SPUR 2019: Electrophysiological correlates of transitioning from working memory to long-term memory

Background

How do we send information from a temporary working memory to a long-term memory that might last a lifetime? Understanding this process could have widespread benefits, such as helping students study more effectively or identifying early signs of neurological disorders such as Alzheimer’s disease. The current project will examine electrophysiological activity evoked when a subject is asked to repeatedly memorize an object. In previous work, we have found that repeatedly memorizing distinct items leads to a decrease in working memory activity and an increase in activity associated with long-term memory. We want to see how these long-term memory signatures are influenced by how recently the same item has been memorized. We know that seeing the same item over and over with no intervening items leads to long-term memory engagement. This project will examine how the relationship changes when we manipulate how long it has been since the subject last saw an item, and the memorability of the item in question.

Student Role

The student will primarily aid in data collection and analysis. Data collection will involve recording EEG data from subjects as they engage in a series of challenging visual search tasks. Analysis will involve using MATLAB, EEGLAB and ERPLAB to clean EEG data, then analyze the resultant data. We use a variety of analysis methods. The student will be involved in computing Event-related potentials (ERPs) in response to the onset of visual information. We will also be examining whether ongoing oscillatory in the EEG prior to onset of information predicts resultant performance. Future experiments may involve manipulating the onset of information so that it appears during a time when the subject appears best able to process information in order to determine if doing so results in improved performance.

Student Learning Outcomes & Benefits

Summer students are generally treated as if they are visiting graduate students. As such, this will be a great experience for students who are trying to determine whether they want to go to graduate school. They will gain valuable experience with a number of techniques that will be valuable to potential graduate students, such as capping EEG participants, using an eye-tracker, cleaning EEG data, analyzing ERPs and summarizing behavioral data. Previous RAs from the AVAL lab have gone on to successful applications to medical school, law school and PhD graduate school programs in cognitive neuroscience. In addition to presenting at the OUR Summer Symposium, we will ask the student to complete a final presentation for the lab based on what they have learned during their time in the lab. If the project is successful, the student may be asked to be an author on subsequent publications and international conferences where this work is presented.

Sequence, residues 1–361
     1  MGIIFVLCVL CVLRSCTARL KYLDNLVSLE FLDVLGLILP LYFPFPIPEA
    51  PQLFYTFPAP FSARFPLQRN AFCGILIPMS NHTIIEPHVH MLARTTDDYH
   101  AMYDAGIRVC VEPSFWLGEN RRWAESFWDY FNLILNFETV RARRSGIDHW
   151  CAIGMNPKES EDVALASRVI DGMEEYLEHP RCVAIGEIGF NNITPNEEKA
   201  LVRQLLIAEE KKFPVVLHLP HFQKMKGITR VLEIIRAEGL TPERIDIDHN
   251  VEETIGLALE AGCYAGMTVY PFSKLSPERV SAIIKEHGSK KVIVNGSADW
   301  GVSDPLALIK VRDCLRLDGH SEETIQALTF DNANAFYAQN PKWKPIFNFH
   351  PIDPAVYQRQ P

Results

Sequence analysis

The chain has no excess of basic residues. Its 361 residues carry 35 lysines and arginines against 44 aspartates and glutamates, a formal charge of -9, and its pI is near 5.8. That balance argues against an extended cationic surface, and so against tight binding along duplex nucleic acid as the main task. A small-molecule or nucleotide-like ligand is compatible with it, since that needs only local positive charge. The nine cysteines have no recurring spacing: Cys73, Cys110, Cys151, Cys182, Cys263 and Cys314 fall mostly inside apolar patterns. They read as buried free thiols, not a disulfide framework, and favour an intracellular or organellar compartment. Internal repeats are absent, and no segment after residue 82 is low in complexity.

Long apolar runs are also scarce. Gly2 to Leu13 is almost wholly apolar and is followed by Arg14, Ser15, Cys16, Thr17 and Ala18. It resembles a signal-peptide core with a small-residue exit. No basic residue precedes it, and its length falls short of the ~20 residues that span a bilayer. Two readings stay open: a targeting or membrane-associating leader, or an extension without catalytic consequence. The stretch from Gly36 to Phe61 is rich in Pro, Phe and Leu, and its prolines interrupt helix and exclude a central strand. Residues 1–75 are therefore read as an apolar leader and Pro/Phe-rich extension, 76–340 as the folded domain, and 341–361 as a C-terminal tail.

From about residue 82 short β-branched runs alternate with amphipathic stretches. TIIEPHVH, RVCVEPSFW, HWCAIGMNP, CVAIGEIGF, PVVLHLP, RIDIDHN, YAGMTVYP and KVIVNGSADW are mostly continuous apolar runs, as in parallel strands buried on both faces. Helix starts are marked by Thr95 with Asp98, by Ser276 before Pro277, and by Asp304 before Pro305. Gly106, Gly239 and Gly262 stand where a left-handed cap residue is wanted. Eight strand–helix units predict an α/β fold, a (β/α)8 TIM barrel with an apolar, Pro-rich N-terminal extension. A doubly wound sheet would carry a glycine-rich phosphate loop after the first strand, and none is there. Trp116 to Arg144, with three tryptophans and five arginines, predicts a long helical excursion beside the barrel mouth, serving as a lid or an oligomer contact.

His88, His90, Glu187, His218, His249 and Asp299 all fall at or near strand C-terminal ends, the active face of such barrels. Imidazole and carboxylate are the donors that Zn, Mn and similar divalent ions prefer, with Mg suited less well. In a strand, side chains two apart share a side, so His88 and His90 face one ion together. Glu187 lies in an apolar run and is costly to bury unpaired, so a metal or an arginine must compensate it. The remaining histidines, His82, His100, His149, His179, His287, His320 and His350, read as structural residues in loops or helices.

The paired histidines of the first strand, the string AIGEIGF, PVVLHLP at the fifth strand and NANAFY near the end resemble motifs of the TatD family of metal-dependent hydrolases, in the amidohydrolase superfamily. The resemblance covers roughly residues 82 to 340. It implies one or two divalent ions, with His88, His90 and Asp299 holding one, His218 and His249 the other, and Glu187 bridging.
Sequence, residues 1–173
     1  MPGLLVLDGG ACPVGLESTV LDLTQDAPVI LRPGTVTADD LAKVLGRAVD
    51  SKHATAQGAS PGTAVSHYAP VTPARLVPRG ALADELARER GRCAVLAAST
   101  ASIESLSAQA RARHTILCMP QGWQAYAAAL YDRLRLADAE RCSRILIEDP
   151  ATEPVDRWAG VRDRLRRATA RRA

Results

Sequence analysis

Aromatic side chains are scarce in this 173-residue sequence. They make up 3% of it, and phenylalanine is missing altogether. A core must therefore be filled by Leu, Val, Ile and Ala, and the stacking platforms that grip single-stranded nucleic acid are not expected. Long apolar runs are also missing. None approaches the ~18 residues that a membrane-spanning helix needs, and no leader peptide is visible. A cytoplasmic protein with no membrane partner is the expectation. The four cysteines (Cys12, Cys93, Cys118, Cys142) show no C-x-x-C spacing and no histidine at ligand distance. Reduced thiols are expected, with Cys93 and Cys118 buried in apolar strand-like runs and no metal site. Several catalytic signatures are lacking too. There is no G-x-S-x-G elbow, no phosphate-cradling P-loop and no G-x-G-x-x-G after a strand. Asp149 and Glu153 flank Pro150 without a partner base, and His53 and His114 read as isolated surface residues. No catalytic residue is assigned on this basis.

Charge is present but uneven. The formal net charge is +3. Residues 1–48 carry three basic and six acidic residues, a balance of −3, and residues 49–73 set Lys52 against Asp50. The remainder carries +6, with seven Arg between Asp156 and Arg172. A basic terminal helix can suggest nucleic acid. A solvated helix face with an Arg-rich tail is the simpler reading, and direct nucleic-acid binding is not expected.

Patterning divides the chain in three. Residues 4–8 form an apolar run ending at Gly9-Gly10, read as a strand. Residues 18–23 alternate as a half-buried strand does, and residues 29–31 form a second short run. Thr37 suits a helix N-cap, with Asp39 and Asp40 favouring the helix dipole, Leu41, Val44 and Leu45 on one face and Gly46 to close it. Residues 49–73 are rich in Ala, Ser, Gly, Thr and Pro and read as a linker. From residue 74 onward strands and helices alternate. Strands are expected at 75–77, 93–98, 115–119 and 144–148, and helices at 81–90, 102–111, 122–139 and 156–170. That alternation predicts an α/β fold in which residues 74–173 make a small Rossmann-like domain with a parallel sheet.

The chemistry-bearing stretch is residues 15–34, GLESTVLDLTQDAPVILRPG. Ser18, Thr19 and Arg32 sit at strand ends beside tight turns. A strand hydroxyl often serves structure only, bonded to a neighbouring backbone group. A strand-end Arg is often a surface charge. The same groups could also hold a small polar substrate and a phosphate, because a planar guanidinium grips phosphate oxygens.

Trafton Drew
Assistant Professor

Psychology
College of Social & Behavioral Science

My mentorship style is very collaborative. I typically begin by asking the student to read relevant research and then tell me about what they find the most interesting so that we can try to cater the student’s experience based on the their particular interests and skills. The student will be expected to be present at bi-weekly lab meetings during the summer. The student will also be expected to meet with either the PI or a senior grad student on a bi-weekly basis to ensure that the project is making sufficient progress. I like getting different perspectives on our research and am very open to new ideas and try to cultivate a culture in the lab that encourages active participation from all members.